Image via WikipediaThis article proves that there are lies, damn lies, and then there are statistics. Our government that bloated behemoth whose favorite snack is money gleaned from the "Drug War" has put out its latest justification figures for the need to combat that evil weed.
NORML breaks down the stats and points out some interesting facts hidden behind their numbers - primarily that the government is creating a major industry through the "drug courts" for mandatory treatment centers. These are private companies that suck at the teat of government and funnel the funds back to the politicians through contributions to campaigns. Thus the "drug courts" are actually ways to politicians to finance their own campaigns while helping out friends in the private sector who peddle "addiction services" for drugs that are non-addictive. Can we say massive public fraud?
Anyway, NORML breaks down the lies told by these folks in their latest study. Look closely, you'll be hearing these statistics tossed around in debates shortly:
The Substance Abuse and Mental Health Services Administration, or SAMHSA, is the Federal Government’s lead agency for improving the quality and availability of substance abuse prevention, addiction treatment, and mental health services in the United States. They have released the results of their 2007 Treatment Episode Data Set, or TEDS, showing the National Admissions to Substance Abuse Treatment Services. Let’s take a look at the statistics for marijuana, shall we?
In 1997, about 200,000 people checked into treatment for marijuana. By 2005, that number has risen to over 300,000 people, though it has tapered off a bit these last couple of years. By any account, this is a huge rise in the number of people seeking rehab for marijuana in just a decade. It would seem like the powerful new “Not Your Father’s Woodstock Weed” has given rise to a 50% increase in reefer addicts!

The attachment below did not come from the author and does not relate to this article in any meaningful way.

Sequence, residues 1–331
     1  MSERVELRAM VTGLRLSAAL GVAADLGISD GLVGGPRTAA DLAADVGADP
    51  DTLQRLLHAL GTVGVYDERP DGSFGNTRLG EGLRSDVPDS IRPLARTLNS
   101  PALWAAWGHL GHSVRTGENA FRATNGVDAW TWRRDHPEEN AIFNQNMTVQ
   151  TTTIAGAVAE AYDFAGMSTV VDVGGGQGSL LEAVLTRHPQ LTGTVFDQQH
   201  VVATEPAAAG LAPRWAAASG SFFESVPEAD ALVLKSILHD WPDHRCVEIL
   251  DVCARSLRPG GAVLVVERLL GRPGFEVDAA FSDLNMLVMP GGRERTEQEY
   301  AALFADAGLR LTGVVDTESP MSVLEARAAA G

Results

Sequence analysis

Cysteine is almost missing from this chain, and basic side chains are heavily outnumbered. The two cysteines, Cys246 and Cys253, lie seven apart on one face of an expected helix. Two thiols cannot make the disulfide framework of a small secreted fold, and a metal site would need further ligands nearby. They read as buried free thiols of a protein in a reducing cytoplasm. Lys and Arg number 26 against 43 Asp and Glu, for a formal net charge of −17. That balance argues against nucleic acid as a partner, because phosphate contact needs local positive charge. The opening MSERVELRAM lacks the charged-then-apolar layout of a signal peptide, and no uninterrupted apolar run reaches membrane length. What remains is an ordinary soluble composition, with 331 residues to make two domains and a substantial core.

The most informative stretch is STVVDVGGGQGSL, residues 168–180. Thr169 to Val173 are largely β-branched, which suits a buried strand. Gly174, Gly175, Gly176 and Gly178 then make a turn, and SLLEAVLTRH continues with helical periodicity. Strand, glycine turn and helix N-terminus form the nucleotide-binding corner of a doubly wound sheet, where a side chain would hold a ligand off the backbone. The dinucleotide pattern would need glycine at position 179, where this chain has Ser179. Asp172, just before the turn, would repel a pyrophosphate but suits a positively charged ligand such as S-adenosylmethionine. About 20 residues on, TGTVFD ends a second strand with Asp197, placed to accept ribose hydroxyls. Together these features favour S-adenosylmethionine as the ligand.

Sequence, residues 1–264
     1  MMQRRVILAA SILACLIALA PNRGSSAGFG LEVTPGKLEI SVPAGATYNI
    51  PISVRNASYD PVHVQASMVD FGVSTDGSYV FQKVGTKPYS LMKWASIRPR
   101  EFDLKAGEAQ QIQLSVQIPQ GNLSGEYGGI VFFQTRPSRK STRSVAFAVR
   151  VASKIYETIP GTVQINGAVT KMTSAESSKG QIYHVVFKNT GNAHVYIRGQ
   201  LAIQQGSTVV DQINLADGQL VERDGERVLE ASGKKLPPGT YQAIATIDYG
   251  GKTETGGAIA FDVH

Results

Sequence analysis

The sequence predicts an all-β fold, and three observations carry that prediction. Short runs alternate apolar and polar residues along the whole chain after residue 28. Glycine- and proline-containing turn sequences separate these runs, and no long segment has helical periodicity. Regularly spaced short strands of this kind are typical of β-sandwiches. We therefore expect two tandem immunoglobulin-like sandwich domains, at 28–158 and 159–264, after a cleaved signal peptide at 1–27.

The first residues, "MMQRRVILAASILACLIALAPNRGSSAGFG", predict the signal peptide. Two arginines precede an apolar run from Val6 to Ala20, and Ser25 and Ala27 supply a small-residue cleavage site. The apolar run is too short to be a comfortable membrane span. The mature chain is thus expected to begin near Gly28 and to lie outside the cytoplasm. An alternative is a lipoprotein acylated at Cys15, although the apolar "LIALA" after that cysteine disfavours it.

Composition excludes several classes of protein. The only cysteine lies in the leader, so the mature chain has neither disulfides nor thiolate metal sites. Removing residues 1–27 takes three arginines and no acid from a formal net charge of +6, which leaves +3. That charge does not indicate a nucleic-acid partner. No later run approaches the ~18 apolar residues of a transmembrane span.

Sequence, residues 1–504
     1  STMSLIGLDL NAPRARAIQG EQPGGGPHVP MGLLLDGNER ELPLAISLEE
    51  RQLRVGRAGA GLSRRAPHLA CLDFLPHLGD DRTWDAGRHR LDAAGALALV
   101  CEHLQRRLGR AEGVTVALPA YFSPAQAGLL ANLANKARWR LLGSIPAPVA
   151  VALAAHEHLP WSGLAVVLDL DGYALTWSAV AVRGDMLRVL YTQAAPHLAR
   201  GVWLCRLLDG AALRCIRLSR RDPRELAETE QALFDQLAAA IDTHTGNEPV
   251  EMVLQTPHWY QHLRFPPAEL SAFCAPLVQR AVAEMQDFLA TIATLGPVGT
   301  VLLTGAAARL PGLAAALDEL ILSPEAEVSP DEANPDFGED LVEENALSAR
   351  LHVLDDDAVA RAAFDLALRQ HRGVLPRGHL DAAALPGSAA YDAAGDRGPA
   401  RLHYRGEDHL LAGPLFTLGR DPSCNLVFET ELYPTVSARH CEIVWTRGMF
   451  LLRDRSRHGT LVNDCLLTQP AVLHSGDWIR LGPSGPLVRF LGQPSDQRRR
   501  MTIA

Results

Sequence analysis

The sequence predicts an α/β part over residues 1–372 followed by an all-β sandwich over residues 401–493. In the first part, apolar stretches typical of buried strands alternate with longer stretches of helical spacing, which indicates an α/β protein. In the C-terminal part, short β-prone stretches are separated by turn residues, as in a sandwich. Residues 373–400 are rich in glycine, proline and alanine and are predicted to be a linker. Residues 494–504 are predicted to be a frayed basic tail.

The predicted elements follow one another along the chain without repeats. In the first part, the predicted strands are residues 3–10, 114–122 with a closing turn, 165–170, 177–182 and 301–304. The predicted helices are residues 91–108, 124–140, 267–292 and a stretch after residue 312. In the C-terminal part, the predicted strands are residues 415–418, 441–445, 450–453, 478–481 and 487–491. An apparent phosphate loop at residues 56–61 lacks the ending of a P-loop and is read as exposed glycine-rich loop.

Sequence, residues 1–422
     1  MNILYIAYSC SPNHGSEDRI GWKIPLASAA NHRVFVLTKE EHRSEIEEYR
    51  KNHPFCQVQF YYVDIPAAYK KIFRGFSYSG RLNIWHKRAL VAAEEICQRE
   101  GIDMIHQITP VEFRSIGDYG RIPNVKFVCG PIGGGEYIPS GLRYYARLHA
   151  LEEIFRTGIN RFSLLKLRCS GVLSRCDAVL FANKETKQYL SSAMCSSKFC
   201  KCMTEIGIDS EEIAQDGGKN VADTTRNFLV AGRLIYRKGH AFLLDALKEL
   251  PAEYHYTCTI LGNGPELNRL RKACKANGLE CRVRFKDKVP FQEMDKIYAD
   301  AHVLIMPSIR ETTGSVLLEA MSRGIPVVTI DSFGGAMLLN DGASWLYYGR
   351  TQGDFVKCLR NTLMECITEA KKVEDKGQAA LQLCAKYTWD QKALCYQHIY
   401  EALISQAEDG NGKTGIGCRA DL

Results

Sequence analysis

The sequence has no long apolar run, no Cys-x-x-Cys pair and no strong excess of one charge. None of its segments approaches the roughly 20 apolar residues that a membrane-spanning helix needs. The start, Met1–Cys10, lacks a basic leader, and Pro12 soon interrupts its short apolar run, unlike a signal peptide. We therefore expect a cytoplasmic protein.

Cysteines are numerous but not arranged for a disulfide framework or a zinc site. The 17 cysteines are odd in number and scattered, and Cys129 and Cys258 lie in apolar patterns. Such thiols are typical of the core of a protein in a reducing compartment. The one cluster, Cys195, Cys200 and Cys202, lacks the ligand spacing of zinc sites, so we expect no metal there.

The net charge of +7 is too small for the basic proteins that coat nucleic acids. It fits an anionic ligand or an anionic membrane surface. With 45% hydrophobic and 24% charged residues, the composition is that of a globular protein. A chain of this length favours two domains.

However, when you look behind the numbers, you find that this increase has more to do with the rapid increase of drug courts in the late ’90s, early ’00s. By far, most of the people who are in treatment for marijuana are forced there! 57% are forced into treatment by the criminal justice system, while only 15% admitted themselves to treatment. For comparison’s sake, over all drugs combined, 1/3rd of all admissions are self-admissions, marijuana is the drug with the lowest self-admission rates (lower than meth) and highest criminal justice-admission rates (higher than meth), and for alcohol, self-admission is around 29% and criminal justice (including DUI) admissions are only 42.5%.
Even more interesting is a look at the actual substance use of the people admitted to treatment. Almost 4 out of ten marijuana smokers who are in treatment haven’t even used marijuana in thirty days! Again, for comparison, only 1 out of 4 alcohol admissions didn’t drink in the past month, and the number is only 1 in 6 for heroin.
Another interesting figure: almost 58% of marijuana admissions are first-time admissions to drug treatment, a number that seems suspisciously close to the 56.9% of admissions from criminal justice. That’s the highest first-time figure of all the common drugs (marijuana, alcohol, heroin, cocaine, and meth). Of those drugs, marijuana and alcohol are the only ones where the majority of drug treatment admissions are not returns to treatment. Also, 31% of marijuana users in treatment are employed, a number twice that of heroin or cocaine admissions, but lower than the 42.5% of employed alcohol users in treatment.
Finally, 3/4ths of marijuana rehabbers are male, half are white, 2/3rds are under age 25. Marijuana has the lowest average age of admittance (24 years old), with all other drugs but inhalants and hallucinogens having average ages in the 30’s. The average alcohol or crack cocaine rehabber is 39 years old.
While we certainly prefer any marijuana smoker caught by law enforcement to be sent to rehab rather than jail, the sentencing of people to rehab who don’t really need it means we are wasting resources that could be better directed to the unfulfilled needs of hard drugs addicts. If alcohol and crack’s average rehab age was closer to 20 than to 40, how much time, money, and misery would we save in this country?
Instead we arrest mostly young people for their marijuana use, then sentence them to rehab, then cite the increasing numbers of young people in rehab for marijuana as proof of the increasing danger of marijuana, which is then used to justify arresting more mostly young people for their marijuana use.